MMA Junkie analyst Dan Tom breaks down the UFC’s top bouts. Today, we look at the main event for UFC on ESPN 8.

UFC on ESPN 8 takes place Saturday at VyStar Veterans Memorial Arena in Jacksonville, Fla. The card airs on ESPN and streams on ESPN+.

Alistair Overeem (45-18 MMA, 10-7 UFC)

Staple info:

  • Height: 6’4″ Age: 39 Weight: 248 lbs. Reach: 81″
  • Last fight: Knockout loss to Jairzinho Rozenstruik(Dec. 7, 2019)
  • Camp: Elevation Fight Team (Denver)
  • Stance/striking style: Switch-stance/kickboxing
  • Risk management: Good

Supplemental info:
+ Strikeforce and DREAM heavyweight titles
+ K-1 grand prix heavyweight champion (2010)
+ ADCC European winner
+ 24 KO victories
+ 17 submission wins
+ 34 first-round finishes
+ KO power
+ Accurate and variating shot selection
+ Devastating knees and kicks
+ Crafty clinch game
+ Underrated takedown ability
+ Solid top control
^ Good grip-fighting/ground striking
+ Dangerous guillotine choke
– Dropped or stopped in 9 of last 16 fights
+/- 3-2-1 against UFC-level southpaws

Walt Harris (13-7 MMA, 6-6 UFC)

Staple info:

  • Height: 6’5″ Age: 36 Weight: 256 lbs. Reach: 77″
  • Last fight: Knockout win over Alexey Oleinik (July 20, 2019)
  • Camp: Spartan Fitness (Birmingham, Ala.)
  • Stance/striking style: Southpaw/kickboxing
  • Risk management: Fair

Supplemental info:
+ Regional MMA accolades
+ Multiple-time Golden Gloves champion
+ NAGA and Copa Grappling titles
+ 13 KO victories
+ 11 first-round finishes
+ KO power
+ Athletic and agile
+ Moves well for heavyweight
^ Solid feints and footwork
+ Accurate hooks and crosses
^ Coming forward or off the counter
+ Dangerous crosses and kicks
+ Strong inside the clinch
^ Shows improved wrestling
+ Transitions well from topside
^ Dangerous ground strikes

Point of interest: Striking with the southpaw

The main event on ESPN features a heavyweight affair that packs a lot of potential fireworks for as long as it stays on the feet.

Walt Harris, the southpaw, will typically work his way into the fight through a thick layer of palpable pressure, steadily stalking down his opposition. Using subtle feints to draw out reactions, Harris keeps an array of counters at the ready, whether it be in the form of hard check-hooks or pinpoint crosses.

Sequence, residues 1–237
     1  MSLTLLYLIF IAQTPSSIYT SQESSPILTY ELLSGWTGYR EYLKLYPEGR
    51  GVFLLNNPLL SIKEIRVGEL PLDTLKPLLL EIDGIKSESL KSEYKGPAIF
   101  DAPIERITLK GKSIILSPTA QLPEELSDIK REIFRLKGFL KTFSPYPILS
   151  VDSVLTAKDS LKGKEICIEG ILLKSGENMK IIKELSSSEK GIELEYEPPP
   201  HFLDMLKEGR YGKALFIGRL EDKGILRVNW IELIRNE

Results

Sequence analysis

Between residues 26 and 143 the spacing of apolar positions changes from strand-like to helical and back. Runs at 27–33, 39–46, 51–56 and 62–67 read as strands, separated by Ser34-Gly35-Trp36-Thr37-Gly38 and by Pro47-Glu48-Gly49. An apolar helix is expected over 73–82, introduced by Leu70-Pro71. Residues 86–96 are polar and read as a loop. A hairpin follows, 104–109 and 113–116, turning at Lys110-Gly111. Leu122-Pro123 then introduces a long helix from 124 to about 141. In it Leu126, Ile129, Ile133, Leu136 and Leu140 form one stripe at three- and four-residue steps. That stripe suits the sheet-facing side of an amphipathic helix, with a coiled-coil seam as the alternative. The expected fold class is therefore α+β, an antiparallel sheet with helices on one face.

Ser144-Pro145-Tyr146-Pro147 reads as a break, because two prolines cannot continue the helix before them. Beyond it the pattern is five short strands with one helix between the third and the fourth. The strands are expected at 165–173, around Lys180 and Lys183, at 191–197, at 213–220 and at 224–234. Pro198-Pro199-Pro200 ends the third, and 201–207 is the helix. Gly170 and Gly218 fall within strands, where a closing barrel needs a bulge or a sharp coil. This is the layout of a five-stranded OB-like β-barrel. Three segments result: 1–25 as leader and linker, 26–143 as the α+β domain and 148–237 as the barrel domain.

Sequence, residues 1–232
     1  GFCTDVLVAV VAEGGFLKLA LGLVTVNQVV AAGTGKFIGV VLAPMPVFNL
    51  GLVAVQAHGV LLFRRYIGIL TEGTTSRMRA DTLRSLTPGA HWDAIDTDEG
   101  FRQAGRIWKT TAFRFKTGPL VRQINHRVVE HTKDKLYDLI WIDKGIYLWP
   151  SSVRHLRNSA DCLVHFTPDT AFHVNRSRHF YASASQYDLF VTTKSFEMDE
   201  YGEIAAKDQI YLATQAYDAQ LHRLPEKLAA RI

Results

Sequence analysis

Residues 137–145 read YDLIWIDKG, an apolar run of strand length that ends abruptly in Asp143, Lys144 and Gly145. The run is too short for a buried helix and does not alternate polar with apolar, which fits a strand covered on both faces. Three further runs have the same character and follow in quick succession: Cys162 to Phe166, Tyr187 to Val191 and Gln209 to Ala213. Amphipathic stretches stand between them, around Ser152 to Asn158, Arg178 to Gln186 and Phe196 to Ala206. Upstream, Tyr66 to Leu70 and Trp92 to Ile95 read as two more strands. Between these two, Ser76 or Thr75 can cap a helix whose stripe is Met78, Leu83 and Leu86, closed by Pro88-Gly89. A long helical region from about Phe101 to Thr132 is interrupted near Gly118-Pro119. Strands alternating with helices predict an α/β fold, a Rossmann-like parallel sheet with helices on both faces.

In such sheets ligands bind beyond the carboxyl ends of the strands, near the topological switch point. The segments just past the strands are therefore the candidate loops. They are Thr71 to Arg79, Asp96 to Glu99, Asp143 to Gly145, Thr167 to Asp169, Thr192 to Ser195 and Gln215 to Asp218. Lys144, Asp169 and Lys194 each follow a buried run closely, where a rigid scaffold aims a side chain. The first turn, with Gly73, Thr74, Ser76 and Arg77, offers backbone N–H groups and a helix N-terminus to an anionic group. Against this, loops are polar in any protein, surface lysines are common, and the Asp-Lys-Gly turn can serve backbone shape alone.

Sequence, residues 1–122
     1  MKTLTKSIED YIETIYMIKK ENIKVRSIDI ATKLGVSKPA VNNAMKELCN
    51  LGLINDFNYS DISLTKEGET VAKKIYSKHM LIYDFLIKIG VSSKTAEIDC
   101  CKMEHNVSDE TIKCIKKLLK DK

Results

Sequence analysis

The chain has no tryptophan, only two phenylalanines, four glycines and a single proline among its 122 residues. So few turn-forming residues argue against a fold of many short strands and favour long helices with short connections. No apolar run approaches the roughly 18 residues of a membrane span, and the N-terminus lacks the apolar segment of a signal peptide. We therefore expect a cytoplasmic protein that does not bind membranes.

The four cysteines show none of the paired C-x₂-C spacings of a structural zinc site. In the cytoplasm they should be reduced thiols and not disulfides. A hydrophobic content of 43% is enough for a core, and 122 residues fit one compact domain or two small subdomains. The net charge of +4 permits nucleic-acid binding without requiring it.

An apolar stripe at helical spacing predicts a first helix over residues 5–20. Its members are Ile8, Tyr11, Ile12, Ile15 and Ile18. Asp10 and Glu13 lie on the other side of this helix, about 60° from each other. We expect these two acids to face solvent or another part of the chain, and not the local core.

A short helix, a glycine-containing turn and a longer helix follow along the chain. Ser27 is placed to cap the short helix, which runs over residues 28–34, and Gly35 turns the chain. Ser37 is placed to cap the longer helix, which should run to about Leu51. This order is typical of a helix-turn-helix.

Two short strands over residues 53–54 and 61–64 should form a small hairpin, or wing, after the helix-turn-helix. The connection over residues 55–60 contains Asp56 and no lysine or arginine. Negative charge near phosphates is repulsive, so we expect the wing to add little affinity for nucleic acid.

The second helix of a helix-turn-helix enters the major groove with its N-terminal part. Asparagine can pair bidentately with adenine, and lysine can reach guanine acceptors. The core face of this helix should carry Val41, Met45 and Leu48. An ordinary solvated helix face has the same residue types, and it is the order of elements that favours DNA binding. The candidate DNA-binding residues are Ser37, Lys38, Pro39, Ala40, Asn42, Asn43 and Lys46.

Once the multiple-time Golden Gloves champ establishes his rhythm and range, he will tack on Thai kicks and knees to his combinations with authority. Still, for all of Harris’ strengths, he is not beyond being tagged in return, which makes me curious as to how veteran Alistair Overeem handles this matchup.

Overeem hasn’t faced a southpaw striker in some time (going 3-2-1 against career UFC-level lefties), but is no stranger to having to stave off young and hungry oncomers.

When facing aggressive forward movers in the past, Overeem typically elects to hang just outside of range for safe distance – keeping his space – and looking for his openings to strike. If you have been watching Overeem since his days in PRIDE, then you will know that the Dutchman didn’t always fight this way.

Although the striking upgrades made during the K-1 chapter of his career helped him immensely, it wasn’t until Overeem’s run of UFC knockout losses that we saw him adjust his footwork and approach.

Already dangerous off of his stance shifts, it was Overeem’s confidence in his head movement and technique that often allowed him to plot in front of his opponents longer than he needed to. But after a series of camp changes during his run of losses, Overeem seemed to take things to another level at Jackson-Wink, where he would embrace a slightly different method than before.

Like many fighters who come from that camp, Overeem will circle more comfortably from the outside as he looks to sharpshoot his attacks like a torpedo plane on a bombing run. Among the highest striking accuracy in the division, this style is optimal for Overeem and also plays a huge role in protecting his chin from unnecessary roughness.

Perceived technical advantages aside, Overeem statistically has been dropped or stopped in nine of his past 16 fights, which makes this a full-fledged heavyweight affair while it’s on the feet.

Next point of interest: Wrestling with “The Reem”